The firm's European operations filed for bankruptcy on November 30, 2001, and sought Chapter 11 protection in the US. The long term implications of Enron's collapse are unclear, but there is considerable political fall-out both in the US and in the UK relating to the monies Enron gave to political figures (around $6m since 1990).
Enron was formed in 1985 with the merger of Houston Natural Gas and InterNorth, engineered by Houston Natural Gas CEO Kenneth L. Lay. It was originally involved in the transmission and distribution of electricity and gas throughout the United States and the development, construction and operation of power plants, pipelines, etc. worldwide.
Enron grew wealthy through its pioneering marketing and promotion of power and communications bandwidth commodities, and related risk management derivatives as tradable securities, including exotic items such as weather derivatives.
As a result Enron was named "America's Most Innovative Company" by Fortune magazine for five consecutive years, from 1996-2000. It was on Fortune's "100 Best Companies to Work for in America" list of 2000, and was legendary even amongst the elite workers of the financial world for the opulence of its offices.
Its global reputation was undermined, however, by persistent rumours of bribery and political pressure to secure contracts in Central and Southern America, in Africa and in the Philippines. Especially controversial was the $30bn contract with the Indian MSEB (Maharashtra State Electricity Board), where it is alleged that Enron officials used political connections within the George Walker Bush administration to pressure the Indians. On January 9, 2002, the U.S. Department of Justice announced it was going to pursue a criminal investigation of Enron and Congressional hearings began on January 24.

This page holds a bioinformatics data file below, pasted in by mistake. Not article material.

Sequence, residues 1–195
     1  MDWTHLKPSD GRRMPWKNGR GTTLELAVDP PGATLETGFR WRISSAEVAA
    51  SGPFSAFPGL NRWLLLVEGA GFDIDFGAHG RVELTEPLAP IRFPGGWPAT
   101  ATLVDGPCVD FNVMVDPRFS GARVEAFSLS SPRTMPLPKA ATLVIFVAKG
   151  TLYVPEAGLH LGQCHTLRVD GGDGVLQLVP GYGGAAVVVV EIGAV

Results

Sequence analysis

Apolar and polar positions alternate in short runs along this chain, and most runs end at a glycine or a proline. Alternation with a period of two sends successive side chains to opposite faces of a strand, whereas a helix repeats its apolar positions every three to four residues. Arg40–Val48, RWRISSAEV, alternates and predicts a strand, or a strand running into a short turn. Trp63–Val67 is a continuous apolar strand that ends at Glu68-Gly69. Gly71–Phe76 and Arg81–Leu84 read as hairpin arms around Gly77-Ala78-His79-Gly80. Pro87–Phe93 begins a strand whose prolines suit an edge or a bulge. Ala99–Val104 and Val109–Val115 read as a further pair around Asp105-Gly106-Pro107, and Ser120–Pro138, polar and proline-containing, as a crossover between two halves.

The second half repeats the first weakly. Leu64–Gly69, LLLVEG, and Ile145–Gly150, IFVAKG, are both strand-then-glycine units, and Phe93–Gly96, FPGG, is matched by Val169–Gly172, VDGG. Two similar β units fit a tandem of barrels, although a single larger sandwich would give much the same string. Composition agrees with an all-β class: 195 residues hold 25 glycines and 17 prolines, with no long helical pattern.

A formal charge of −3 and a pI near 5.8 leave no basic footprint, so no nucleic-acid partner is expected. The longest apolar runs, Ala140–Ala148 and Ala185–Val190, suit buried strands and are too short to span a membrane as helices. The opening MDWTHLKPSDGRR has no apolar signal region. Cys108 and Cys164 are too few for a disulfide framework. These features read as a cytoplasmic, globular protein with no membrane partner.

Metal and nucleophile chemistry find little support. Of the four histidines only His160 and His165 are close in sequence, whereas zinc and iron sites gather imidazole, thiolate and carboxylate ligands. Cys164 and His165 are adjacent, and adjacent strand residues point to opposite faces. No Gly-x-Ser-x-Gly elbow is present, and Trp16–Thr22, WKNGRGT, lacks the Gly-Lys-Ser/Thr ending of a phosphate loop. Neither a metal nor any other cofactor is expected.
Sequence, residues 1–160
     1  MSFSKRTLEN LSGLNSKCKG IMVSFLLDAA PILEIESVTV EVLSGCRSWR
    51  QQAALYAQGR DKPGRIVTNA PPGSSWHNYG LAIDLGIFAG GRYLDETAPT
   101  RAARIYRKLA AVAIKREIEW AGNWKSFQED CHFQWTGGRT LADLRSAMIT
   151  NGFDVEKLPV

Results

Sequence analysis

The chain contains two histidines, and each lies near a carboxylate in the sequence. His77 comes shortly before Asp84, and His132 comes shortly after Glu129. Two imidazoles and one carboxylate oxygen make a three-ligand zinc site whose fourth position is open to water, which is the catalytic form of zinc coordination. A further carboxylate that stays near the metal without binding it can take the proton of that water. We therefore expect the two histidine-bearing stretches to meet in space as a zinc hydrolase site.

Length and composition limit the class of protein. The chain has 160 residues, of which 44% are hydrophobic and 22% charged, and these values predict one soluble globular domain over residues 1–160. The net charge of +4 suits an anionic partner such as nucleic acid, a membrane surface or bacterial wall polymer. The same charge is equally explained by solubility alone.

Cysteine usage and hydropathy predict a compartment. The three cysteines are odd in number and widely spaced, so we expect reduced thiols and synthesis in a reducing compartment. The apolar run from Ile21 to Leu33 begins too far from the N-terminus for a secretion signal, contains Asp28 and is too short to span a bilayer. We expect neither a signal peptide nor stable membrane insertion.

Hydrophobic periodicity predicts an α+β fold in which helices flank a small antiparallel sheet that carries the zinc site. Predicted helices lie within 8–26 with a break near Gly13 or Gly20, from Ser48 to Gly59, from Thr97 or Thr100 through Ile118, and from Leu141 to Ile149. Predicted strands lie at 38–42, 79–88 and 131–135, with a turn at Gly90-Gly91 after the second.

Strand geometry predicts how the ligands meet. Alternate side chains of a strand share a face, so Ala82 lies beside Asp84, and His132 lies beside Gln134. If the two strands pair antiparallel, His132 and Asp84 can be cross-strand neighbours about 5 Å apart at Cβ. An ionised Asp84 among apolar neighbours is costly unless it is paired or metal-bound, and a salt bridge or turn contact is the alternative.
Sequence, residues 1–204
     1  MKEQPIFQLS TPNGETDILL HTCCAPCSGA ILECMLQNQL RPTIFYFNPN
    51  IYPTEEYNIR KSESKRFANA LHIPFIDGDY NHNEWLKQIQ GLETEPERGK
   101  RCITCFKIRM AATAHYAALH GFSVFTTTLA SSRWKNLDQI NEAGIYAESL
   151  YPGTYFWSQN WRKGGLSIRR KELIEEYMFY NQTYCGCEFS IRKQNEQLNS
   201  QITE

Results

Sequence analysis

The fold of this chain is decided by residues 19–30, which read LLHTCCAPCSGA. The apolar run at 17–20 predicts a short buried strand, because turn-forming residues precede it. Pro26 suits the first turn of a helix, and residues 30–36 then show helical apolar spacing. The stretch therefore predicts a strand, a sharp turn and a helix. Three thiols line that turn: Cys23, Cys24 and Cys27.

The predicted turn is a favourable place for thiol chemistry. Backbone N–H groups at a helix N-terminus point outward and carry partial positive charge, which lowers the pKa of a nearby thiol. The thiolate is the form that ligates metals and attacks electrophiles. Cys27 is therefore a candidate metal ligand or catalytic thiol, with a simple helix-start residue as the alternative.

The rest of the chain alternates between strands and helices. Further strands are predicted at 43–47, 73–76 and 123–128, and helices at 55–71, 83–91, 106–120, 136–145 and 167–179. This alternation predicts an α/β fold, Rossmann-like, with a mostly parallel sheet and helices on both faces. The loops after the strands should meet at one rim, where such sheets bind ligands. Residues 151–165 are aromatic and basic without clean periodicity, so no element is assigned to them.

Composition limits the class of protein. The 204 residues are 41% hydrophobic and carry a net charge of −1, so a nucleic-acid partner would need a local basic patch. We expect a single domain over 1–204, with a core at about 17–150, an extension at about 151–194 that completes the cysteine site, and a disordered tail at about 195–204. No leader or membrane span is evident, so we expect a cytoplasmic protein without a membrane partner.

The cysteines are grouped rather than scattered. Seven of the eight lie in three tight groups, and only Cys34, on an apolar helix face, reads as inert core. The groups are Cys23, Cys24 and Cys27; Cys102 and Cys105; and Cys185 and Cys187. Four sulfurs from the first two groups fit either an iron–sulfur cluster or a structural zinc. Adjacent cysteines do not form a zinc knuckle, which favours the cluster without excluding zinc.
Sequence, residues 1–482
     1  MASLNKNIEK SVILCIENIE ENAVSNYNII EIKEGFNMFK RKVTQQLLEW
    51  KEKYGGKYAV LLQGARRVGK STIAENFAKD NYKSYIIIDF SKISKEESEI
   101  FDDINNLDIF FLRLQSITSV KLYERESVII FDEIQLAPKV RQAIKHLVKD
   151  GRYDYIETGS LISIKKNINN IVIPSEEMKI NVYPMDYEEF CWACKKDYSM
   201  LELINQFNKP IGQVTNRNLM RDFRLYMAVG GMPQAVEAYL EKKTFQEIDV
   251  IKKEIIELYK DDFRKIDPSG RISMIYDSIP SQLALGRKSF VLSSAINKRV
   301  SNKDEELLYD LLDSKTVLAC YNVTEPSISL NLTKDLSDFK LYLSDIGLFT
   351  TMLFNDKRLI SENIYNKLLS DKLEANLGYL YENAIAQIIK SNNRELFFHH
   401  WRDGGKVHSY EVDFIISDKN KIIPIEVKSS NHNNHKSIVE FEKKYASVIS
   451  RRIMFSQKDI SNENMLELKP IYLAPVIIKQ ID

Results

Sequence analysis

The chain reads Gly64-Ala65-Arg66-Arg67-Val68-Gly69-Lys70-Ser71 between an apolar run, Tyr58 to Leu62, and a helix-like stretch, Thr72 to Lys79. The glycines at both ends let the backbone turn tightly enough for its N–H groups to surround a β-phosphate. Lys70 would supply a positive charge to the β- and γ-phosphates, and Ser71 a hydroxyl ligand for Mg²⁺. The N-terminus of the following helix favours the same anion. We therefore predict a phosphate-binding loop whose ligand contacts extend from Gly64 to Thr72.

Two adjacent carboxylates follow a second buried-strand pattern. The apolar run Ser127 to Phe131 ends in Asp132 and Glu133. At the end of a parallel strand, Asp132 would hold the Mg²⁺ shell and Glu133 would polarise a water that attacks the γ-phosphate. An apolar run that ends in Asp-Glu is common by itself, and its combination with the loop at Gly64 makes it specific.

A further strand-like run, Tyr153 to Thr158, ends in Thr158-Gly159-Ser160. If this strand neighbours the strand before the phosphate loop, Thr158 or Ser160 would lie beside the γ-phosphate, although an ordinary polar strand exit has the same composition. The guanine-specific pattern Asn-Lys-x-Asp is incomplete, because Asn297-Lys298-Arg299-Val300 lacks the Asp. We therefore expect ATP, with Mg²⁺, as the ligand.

Former Enron CFO Andrew Fastow, alleged mastermind behind Enron's complex network of offshore partnerships and questionable accounting practices, was indicted on November 1, 2002, by a Federal grand jury in Houston on 78 counts including fraud, money laundering, and conspiracy.
And, in 2006 Enron Executives, Kenneth L. Lay and Jeffrey K. Skilling were convicted of fraud and conspiracy. Lay passed away before sentnecing and Skilling was sentenced to 24 years in prison.  However, in 2013 Skilling had his prison sentence cut from 24 years to 14 in a deal with federal prosecutors after an appeals court ruled the original sentence was too harsh. The resentencing deal included that more than $40 million of Skilling's fortune would be distributed to victims of Enron's collapse. 
Enron and the tobacco industry